Who was Turner anyway?

Who was Turner anyway?

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A Turner Bugler, 2004

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From Jefferson City.


May 1861

From The Missouri Democrat, Thursday, May 2, 1861.


[Special Dispatch to Missouri Democrat.]

Only about forty or fifty members have arrived as yet. There will be no quorum in the morning in either house, in all probability. They will meet and adjourn to wait a quorum, which is expected to-morrow afternoon. The negligence or slowness of the members to attend, has thrown a damper on the friends of secession here. The cause of the Union will be strongly, earnestly, and eloquently maintained in the House, and no doubt is entertained but that the schemes of the secessionists will be defeated.’

There is a scheme on their part to go into secret session, and an effort will be made to carry it out.

The Governor’s message will be couched in very cautious and concealed terms. He will, as usual, recapitulate the so-called aggressions of the North upon the South; the latter’s patience and forbearance, and will denounce the policy of President Lincoln as made known in his proclamation after the attack on Sumter, as unconstitutional, tyrannical and illegal, and as tending towards a confederated federal military despotism, to subjugate and to oppress sovereign States. He will assert in plain terms, that the so called Southern Confederacy of Southern States, each and every one, in seceding, were justified by the laws of the United States Constitution and original compact, and the inalienable rights of sovereign States. He will set forth the grievances of Missouri in her relations to the federal Union, and her hitherto constant loyalty to that Union, and will not recommend immediate secession, but the full arming of the State, and an appropriation for that purpose. The legislature will be sounded, for extreme measures are proposed by him.
Allen P. Richardson, Esq., formerly State Register, and lately appointed Postmaster for Jefferson City, by President Lincoln, enters upon the duties of his office to-morrow. The appointment is deservedly popular, as he is a gentleman highly esteemed.


[Special Correspondence of the Missouri Democrat.]

JEFFERSON CITY, May 1, 1861.

But a very few members have as yet arrived at the Capital, though quite a number are expected in the course of the day. It is not probable that there will be a quorum of either House present on Thursday, and they may not organize before Monday next.

It is thought by many that an effort will be made to go into an election of new officers in the House, especially for the Speakership. It is contended that this will be strictly legal as at a former extra session this course was pursued, and an entire new set of officers were elected. The grounds on which the House acted at that time were these: That the regular session of the Legislature adjourned sine die, and that consequently the extra session was not an adjourned session, but had and held the same right to elect officers as the former one. The late session adjourned sine die. In case of the House going into an election the contest will be on the Speakership, and an effort will be made to elect a new Speaker in the place of Speaker McAfee. The result will depend on his popularity. In regard to the purport of the forthcoming message of Governor Jackson nothing is yet known positively, and only surmises are afloat. It is thought, however, that the Governor will not recommend immediate secession; that he has apparently somewhat moderated his views on that matter, but that he will recommend the passage of a military bill; the complete reorganization of the militia of the State; that they be placed on a complete war footing; the immediate arming of the State, and recommending appropriations for that purpose; also that he will make these recommendations for the ostensible object of placing Missouri in a position of armed neutrality.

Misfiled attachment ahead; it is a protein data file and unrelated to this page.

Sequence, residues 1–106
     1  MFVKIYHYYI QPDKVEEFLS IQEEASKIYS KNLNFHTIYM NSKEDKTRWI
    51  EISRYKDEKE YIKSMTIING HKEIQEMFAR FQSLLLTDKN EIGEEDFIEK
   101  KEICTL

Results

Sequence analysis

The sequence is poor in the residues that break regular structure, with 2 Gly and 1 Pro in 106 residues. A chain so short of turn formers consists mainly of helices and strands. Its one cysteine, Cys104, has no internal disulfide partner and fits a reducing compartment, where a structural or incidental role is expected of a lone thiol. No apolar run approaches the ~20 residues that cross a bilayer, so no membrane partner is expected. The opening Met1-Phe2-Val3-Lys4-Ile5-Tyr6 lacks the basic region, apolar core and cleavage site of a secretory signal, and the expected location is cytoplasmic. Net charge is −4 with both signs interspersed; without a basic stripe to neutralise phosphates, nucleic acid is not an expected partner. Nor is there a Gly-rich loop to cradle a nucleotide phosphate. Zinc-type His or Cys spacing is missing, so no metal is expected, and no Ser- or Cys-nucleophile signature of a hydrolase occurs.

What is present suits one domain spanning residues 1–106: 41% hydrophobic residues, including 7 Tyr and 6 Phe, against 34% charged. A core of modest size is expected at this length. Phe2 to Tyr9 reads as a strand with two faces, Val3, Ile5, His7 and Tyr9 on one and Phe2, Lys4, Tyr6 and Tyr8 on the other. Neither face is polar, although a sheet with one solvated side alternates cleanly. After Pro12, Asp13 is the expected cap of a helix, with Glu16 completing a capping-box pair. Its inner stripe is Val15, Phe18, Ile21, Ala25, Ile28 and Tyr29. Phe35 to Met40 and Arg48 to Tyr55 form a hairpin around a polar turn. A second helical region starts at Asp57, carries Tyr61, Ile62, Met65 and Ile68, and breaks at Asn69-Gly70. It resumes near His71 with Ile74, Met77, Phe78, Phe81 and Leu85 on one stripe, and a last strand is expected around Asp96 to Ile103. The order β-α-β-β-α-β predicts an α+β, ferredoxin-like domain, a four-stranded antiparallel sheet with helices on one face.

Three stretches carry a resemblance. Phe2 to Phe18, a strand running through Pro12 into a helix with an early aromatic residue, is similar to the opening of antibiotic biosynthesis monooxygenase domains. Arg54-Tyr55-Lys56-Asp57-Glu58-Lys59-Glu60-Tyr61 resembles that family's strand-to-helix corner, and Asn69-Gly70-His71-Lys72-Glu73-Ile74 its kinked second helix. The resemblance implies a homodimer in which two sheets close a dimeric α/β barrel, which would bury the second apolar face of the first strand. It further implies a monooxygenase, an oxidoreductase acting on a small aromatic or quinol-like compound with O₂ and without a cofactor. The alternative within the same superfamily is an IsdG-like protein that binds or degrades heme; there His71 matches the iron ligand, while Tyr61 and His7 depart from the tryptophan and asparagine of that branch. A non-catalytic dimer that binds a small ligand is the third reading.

How far these rumors are founded in truth I cannot say, but give them for what they are worth. The Governor is not the man to divulge or foreshadow his policy until the proper moment arrives for action upon it, at the present crisis.

J. P. Ament, Esq., the gentleman who was elected Public Printer at the late session, goes into office to-morrow. He has bought out both printing establishments here—Messrs. Chesney’s and Lusk’s.

The city is extremely dull and quiet, and one would suppose, to judge from general appearances, that no clouds of war were gathering around the great State of Missouri. But there is considerable undercurrent of sentiment. The Union men here stand firm and hopeful.

The Governor’s Guard are detailed on duty, guarding the powder lately brought up from St. Louis for the use of the State.

A new company of volunteers, I learn, is about being formed here, to be called the “Home Guard,” for the protection and defense of the city.

Much anxiety is felt here as elsewhere as to the action of the Governor and the extra session on federal relations, and until their policy is made known, the public mind will remain feverish and anxious. Suspense is far more wearing than actual danger. Along the line of railroad, in the towns, the flags of the Union still float in profuseness.

Representative Owens, of the town of Washington, has thrown to the breeze a splendid American flag from the top of his residence.